PTC Council retreats to talk about senior center, rec field expansions

Tue, 02/27/2007 - 5:33pm
By: John Munford

The possibility of resurrecting plans to expand The Gathering Place senior citizen’s center will be among the many topics the Peachtree City Council will discuss at its retreat starting 8 a.m. Friday at the Wyndham Peachtree Conference Center.

Council will also hear about plans to expand the city’s Ga. Highway 74 baseball and soccer complex with additional multi-purpose fields that can be used to move the city’s youth football program from the Riley Field complex.

In recent years, the program has drawn some noise complaints from Riley Field neighbors although the football association has worked to correct the problems, including banning noisemaking devices and changing the PA system to better control the sound. The field is adjacent to Peachtree City Elementary School on Wisdom Road.

In addition to being used for football, the fields could also be used for soccer and lacrosse, and the use of artificial turf would allow it to withstand heavy use and eliminate drainage problems.

There is no funding set aside yet for construction of the project, according to city staff, but $30,000 has been spent on design for two multi-purpose fields and associated concession and parking areas, and the preliminary design is complete.

The Gathering Place expansion is expected to cost about $650,000 and as of now city staff plan to have that amount funded with long-term financing in the 2009 fiscal year, with $50,000 for design in the 2008 fiscal year.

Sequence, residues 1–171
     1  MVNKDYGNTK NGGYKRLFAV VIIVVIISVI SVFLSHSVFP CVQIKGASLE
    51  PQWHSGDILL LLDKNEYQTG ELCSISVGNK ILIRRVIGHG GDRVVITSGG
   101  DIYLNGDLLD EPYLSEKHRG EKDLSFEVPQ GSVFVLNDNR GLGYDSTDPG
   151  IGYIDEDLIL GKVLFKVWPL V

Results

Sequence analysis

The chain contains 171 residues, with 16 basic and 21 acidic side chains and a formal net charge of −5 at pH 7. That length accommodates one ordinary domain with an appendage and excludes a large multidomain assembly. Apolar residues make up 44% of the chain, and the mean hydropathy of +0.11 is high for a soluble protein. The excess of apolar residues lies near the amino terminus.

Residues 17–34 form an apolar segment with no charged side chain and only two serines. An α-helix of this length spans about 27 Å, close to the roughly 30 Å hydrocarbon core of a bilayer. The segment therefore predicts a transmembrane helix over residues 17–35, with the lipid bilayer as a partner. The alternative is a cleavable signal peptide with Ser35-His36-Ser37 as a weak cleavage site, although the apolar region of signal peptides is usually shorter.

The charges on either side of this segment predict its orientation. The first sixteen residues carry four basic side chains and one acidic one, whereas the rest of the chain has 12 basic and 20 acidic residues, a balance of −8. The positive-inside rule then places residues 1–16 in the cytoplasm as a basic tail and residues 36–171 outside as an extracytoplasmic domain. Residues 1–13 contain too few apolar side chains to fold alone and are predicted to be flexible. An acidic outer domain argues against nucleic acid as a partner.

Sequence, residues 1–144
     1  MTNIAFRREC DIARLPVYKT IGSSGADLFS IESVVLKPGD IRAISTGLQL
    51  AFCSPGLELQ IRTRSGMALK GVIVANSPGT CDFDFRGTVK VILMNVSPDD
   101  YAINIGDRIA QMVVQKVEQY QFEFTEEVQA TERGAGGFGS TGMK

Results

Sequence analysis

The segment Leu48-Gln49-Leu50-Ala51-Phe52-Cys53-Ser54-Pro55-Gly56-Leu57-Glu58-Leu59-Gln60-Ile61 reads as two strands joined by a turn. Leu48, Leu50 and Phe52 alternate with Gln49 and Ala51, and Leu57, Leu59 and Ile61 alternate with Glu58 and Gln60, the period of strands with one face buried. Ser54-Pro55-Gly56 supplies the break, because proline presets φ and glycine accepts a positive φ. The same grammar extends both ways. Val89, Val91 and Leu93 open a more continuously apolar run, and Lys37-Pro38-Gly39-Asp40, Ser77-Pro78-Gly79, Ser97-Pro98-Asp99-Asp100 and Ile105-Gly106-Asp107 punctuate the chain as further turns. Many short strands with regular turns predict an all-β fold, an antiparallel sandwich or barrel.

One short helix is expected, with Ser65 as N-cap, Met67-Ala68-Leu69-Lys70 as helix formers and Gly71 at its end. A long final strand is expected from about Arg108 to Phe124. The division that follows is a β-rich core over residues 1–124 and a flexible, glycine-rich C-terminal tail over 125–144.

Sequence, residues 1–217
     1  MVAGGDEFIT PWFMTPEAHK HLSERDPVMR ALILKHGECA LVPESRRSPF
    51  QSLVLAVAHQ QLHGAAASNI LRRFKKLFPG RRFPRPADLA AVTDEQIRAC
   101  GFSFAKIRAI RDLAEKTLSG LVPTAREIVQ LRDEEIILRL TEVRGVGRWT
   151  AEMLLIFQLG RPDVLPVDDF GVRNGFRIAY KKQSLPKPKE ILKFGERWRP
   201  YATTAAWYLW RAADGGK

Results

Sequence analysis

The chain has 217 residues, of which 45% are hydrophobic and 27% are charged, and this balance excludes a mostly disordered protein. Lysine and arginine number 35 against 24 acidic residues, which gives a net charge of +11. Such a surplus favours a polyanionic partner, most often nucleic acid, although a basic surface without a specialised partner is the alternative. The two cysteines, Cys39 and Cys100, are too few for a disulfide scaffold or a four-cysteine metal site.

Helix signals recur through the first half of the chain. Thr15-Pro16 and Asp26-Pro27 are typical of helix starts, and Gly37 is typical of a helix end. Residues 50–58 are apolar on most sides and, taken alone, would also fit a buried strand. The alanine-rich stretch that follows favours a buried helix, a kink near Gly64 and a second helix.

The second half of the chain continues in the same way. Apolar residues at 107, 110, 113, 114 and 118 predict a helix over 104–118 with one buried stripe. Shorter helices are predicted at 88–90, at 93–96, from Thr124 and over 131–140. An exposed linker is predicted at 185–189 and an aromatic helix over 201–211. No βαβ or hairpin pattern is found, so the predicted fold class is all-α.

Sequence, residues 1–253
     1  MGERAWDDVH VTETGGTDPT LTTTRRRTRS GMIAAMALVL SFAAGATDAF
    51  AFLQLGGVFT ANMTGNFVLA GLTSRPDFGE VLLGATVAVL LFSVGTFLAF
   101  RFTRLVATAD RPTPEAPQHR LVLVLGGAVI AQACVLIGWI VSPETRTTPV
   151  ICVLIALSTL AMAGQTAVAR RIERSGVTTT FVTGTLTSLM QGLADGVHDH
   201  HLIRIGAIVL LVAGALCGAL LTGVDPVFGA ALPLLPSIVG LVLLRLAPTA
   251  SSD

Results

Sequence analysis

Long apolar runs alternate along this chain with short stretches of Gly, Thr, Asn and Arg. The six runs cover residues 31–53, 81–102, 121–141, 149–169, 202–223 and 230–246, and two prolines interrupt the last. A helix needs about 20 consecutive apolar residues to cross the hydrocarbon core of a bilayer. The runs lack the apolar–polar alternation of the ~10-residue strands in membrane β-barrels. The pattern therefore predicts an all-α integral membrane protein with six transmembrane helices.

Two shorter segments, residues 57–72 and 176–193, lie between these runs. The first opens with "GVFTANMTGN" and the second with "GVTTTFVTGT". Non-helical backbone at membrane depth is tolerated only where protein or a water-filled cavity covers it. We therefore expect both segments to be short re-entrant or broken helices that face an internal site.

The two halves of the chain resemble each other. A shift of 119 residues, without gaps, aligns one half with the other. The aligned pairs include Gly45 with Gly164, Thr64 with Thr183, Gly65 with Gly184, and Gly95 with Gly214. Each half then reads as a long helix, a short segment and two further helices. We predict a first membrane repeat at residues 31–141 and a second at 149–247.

The design will include an expansion in two phases, adding just over 11,000 square feet of space with an estimated total cost of $2 million. The Peachtree City Senior Adult Council, which is backing the expansion, has committed to fund-raising for the project.

The expansion was put on hold last year while the city works out arrangements with First Baptist Church, which has offered to provide available space to host some city leisure programs at its newly expanded community center when it is built.

But some senior citizens say they’d prefer to have all programs remain at the Gathering Place.

Council will also hear a presentation on the city’s current process for handling noise complaints.

The city uses its nuisance ordinance, which allows citizens to file a complaint with the municipal court which would be followed up with a court hearing, according to a memo from City Attorney Ted Meeker.

By doing so, this keeps the city from having to determine which noises are nuisances and which aren’t, which can lead to “inconsistent enforcement,” Meeker explained.

“By inconsistent enforcement I am referring to the fact that a barking dog in one situation may be a ‘nuisance’ to another neighbor. The same dog, in another subdivision, may not be a ‘nuisance’ to another neighbor.”

A state law is also on the books to regulate noise coming from motor vehicles, requiring that the sound coming from any vehicle can’t be “plainly audible” more than 100 feet away.

Meeker is recommending to council that the city stick with its current procedure for handling noise complaints.

The retreat agenda is available online at by clicking on the link for “Mayor and Council” and then clicking on the “city council retreat” link on the calendar.

The retreat runs from 8 a.m. to 5 p.m. Friday and from 8 a.m. to 11:30 on Saturday.

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